Advertisement

Historic Odysseus moon mission marks a milestone in reaching the lunar surface

Sign up for CNN’s Wonder Theory science newsletter. Explore the universe with news on fascinating discoveries, scientific advancements and more.

Intuitive Machines’ IM-1 lander, also called Odysseus or “Odie,” is on the lunar surface after experiencing unexpected issues hours prior to landing.

“I know this was a nail-biter, but we are on the surface, and we are transmitting,” Intuitive Machines CEO Steve Altemus announced on a live webcast. “Welcome to the moon.”

The company was able to confirm that mission control received signals from the lunar surface shortly after landing. But it wasn’t until two hours later that Intuitive Machines shared that the spacecraft was “upright and starting to send data,” according to an update from the company on X, formerly known as Twitter.

In yet another update Friday morning, Intuitive Machines revealed the spacecraft was “alive and well” and mission controllers were seeking to download science data from the vehicle.

“We continue to learn more about the vehicle’s specific information (Lat/Lon), overall health, and attitude (orientation),” the company said in its update, adding that more information is expected at a news conference on Friday afternoon.

The spacecraft’s position has been a key question since touchdown on Thursday evening, as communications issues became an immediate concern and flight controllers indicated they were getting weak signals from the vehicle.

And while Intuitive Machines said it is also working to process images from Odysseus’ cameras, the company has not yet shared any pictures from the landing.

Still, the spacecraft has already accomplished a historic feat, becoming the first commercial spacecraft to soft-land on the moon, and the first US-made vehicle to touch down on the lunar surface since the Apollo program ended more than five decades ago. This mission is of key interest to Intuitive Machines’ primary customer, NASA, which is seeking to scout the moon using robotic explorers developed by private contractors before sending astronauts there later this decade through its Artemis program.

“Today for the first time in more than a half-century, the US has returned to the moon,” said NASA Administrator Bill Nelson. “Today is a day that shows the power and promise of NASA’s commercial partnerships. Congratulations to everyone involved in this great and daring quest.”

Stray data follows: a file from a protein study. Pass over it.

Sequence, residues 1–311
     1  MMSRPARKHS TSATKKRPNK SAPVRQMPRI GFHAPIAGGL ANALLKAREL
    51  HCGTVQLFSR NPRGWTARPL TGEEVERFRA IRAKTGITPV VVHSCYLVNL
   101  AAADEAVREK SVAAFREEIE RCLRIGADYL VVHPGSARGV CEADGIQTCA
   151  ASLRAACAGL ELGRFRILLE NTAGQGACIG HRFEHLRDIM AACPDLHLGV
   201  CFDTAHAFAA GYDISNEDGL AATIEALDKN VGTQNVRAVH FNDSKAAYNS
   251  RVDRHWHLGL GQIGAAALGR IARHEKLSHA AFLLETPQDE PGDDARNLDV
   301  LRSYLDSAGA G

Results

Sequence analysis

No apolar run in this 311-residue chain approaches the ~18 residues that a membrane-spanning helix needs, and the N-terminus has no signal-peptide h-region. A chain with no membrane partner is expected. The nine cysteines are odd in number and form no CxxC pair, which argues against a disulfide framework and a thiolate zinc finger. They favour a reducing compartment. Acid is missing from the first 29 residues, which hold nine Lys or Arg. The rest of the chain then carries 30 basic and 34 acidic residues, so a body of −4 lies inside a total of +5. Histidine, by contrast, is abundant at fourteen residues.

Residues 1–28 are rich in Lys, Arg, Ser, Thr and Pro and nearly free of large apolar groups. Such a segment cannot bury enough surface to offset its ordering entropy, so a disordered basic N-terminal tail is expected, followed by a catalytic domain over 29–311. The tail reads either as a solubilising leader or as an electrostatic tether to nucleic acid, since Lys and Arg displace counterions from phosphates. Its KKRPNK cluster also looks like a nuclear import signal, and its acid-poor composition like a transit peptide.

A ‘dynamic situation’

Odysseus landed at 6:23 p.m. ET Thursday, according to Intuitive Machines, after using its methane-fueled, onboard engine to steer itself toward the cratered surface and rapidly reduce its speed by 4,000 miles per hour (1,800 meters per second).

In a dramatic twist, Intuitive Machines revealed a couple of hours before landing that an apparent issue with Odysseus’ navigation systems forced the lander to rely on experimental technology, resulting in a “dynamic situation,” according to Gary Jordan, a NASA communications manager.

“Intuitive Machines made the decision to reassign the primary navigation sensors from Odysseus … to use the sensors on NASA’s Navigation Doppler Lidar (or NDL),” according to the webcast.

The Lidar payload is an experimental technology that NASA paid to test fly on the mission. It was not intended to serve a functional purpose. But engineers were able to rapidly patch in an update to bypass Odysseus’ own malfunctioning equipment and make use of the experimental NASA lidar. The NDL is designed to shoot laser beams to the ground to give exact measurements of speed and direction of flight, according to Farzin Amzajerdian, NASA’s principal investigator for the instrument.

Quickly shifting gears allowed the mission to move forward, defying the odds.

The IM-1 mission comes amid a renewed international dash for the lunar surface. Since the end of the Soviet-US space race of the 20th century, China, India and Japan have all landed spacecraft on the moon — with the latter two making their first touchdowns within the past six months.